The canon doesn’t restrict student self-expression but develops it: students find their particularity by taking part in the life of cultural traditions. Because a tradition is continually changing, teachers initiate students to its wonders by allowing students to show them these wonders in a new light. In this way teachers demonstrate to students that the tradition will carry them if they carry it.

Yes but whose tradition? In any class I ever taught in the past twenty years at least a multiplicity of traditions sat in front of me. Should we just bulldoze all that potential, all that opportunity to expand our horizons, in the interests of some narrow Australian-ness? I don’t think so: rather let our Australian-ness expand to include what was hitherto alien. Time and again I have seen that wonder in practice, and neither Shakespeare nor Banjo Paterson emerged the worse for rubbing shoulders with Omar Khayam or Du Fu. Actor David Ritchie said in the relevant chapter of Teachers Who Change Lives:

Even when I am teaching I am discovering. For example, a group of students from China did a piece from The Seagull, which I’d coincidentally seen the week before. Chekhov calls The Seagull a comedy. The students’ English was not perfect but they were doing a good job. I said to them, It’s actually quite funny, go for the comedy, and it was hysterical, hysterical! They did it in a heightened style. One of the students’ mothers actually works for the Peking Opera and she’d got at that style. I went, Yes! Chekhov can work like that!

Interesting for me, as I know Nick, is Australian writer Nicholas Jose’s account of Mr Schubert, his English teacher.

I learned to read literature from him, a way of reading that was close, sensuous, and very precise. This subtle way of responding is what I still use when reviewing something or writing something myself. I feel quite confident in my method; I can trust my responses and I can articulate them. I don’t need to try too hard, but just do it naturally as I’ve been taught. I know it will work: I proved that to myself with Mr Schubert, who wouldn’t let me get away with showing off. When showing off, you’re interposing your own bright ideas, rather than letting your responses come from the text.

There is much in this wise chapter. Do seek out Teachers Who Change Lives.

Meanwhile, I think all this is a cue to think about my own English teachers over the past fifty years. Next time…

 

Changing lives without aiming to

The first principle Andrew Metcalfe and Anne Game derive from their corpus of interviews is:

Inspiring teachers always challenge their students, but they do not set out to shape them and do not know how or when to measure the success of their classes. Through the strange chemistry of classroom relations, students change and yet become more themselves.

That is a terrifying thought for the bureaucratic mind, yet paradoxically the most successful teaching I ever did was most often very poorly documented. Often it took place in environments where I really did not plan every step of a lesson or unit of work, where I kept limited lesson  registers, if any, and where I was never entirely sure where the next lesson was going to take us. In such circumstances the contingent was foregrounded over the planned, and the result seems to have been deeper learning — learning in which I participated as much as those I was allegedly teaching! To quote the late Donald M Murray:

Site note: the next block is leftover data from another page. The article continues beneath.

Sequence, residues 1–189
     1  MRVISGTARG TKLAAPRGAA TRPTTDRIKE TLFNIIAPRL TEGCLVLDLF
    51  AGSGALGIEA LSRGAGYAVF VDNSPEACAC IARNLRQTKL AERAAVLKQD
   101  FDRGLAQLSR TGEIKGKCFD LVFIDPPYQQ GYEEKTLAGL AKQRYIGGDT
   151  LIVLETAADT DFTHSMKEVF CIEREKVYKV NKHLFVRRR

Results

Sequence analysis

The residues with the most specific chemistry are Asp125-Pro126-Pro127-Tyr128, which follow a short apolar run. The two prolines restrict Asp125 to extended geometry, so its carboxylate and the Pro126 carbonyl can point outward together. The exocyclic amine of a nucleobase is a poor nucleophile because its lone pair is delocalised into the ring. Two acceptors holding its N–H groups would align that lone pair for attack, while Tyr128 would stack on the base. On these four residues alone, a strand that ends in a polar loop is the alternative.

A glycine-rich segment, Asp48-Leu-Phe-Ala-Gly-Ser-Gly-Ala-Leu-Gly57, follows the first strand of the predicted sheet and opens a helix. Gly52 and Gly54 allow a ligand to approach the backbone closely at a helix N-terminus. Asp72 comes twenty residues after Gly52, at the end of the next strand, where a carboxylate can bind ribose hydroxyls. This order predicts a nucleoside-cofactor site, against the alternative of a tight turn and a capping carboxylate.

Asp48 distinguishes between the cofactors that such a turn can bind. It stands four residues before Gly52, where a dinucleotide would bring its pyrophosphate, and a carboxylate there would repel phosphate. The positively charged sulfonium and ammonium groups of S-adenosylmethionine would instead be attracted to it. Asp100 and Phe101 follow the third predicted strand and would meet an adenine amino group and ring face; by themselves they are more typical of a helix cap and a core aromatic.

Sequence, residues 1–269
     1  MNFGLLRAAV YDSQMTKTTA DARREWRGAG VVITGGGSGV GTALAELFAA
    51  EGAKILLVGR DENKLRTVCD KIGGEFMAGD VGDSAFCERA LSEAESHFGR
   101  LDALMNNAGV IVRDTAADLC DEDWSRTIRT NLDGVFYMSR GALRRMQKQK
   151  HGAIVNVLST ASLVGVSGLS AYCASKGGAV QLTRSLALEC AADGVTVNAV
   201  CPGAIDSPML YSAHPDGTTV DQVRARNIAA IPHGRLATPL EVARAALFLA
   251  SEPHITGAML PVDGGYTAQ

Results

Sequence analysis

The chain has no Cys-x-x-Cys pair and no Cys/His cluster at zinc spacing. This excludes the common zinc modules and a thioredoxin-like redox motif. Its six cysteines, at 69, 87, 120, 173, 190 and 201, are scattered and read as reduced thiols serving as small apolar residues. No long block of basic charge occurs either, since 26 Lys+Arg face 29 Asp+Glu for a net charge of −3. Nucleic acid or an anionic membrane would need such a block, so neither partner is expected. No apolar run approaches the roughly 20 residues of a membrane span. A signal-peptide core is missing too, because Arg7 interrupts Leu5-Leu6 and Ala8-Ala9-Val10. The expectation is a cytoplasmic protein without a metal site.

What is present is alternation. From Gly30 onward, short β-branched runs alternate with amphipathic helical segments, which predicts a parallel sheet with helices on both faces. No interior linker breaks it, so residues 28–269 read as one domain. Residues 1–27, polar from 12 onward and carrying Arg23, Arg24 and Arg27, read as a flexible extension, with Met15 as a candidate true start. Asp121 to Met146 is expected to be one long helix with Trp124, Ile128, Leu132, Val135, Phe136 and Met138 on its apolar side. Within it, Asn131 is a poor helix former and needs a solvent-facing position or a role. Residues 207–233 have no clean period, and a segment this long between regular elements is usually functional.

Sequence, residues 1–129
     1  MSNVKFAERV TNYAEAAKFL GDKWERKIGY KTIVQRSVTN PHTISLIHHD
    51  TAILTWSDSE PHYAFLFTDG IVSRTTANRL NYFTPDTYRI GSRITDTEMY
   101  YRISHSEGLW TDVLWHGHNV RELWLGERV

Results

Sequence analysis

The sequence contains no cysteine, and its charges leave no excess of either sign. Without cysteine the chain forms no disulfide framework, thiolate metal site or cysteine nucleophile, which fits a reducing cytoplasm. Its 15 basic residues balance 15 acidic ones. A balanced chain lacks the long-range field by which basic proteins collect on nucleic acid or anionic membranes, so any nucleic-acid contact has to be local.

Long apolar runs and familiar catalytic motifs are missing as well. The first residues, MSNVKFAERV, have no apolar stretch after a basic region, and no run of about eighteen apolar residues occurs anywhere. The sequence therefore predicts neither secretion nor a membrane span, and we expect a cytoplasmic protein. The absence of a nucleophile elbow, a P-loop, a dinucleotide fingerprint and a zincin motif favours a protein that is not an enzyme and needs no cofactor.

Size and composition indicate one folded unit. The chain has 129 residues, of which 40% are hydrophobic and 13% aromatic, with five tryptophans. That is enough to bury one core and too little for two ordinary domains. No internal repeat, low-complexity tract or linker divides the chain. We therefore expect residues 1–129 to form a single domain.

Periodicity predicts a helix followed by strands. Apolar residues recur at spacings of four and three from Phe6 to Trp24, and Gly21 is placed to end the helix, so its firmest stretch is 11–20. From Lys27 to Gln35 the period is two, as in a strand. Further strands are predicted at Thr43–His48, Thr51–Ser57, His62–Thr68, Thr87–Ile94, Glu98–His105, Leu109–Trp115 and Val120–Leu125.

We also have an understandable tendency to over-organize our courses. Perhaps we want to impress our superiors, our colleagues, our students, or just to give ourselves a sense of security. We plan to teach diction in the third week in September, iambic pentameter in October, parallel construction in November, the essay in December, description in January, footnotes in February — everything neatly organized into some pattern which seems rational to the teacher in advance on the beginning of school.

I am not saying, of course, that one goes into a class totally freewheeling, though this has been known to work very well. One does have outcomes one wants to achieve, and material one wants to get through. One of the more sensible pieces of record-keeping is in fact a list of outcomes with check boxes so that one can see what has been achieved and what needs more work.

But the most “inspiring” poetry unit I ever taught was to a Year 9 class that informed me on Day One how much they hated poetry. My response was to challenge them to prove it! I brought in a large box of poetry books and set them all to find something they either didn’t hate or actually liked. This went on for a whole week. I interspersed the activity with the occasional reading. They were a bright group, so I even read them a poem of my own. That led to dead silence. I asked, “What have I done? Talk to me!” One student put his hand up: “I’ll tell you what you have done. For the first time ever a teacher has said something in class that really means something. That’s what you have done.” From that point on the students started finding poem after poem that they actually liked. After that the “formal” part of the course flowed easily. A couple of the poetry books went missing and were never seen again, I might add…

Some seven years later I met that same student in a coffee shop. He introduced me to his girlfriend thus: “This is Mr W. He’s the one who got me interested in poetry.”

OK, that is a peak example, and a rare example — but I treasure it. Wouldn’t you?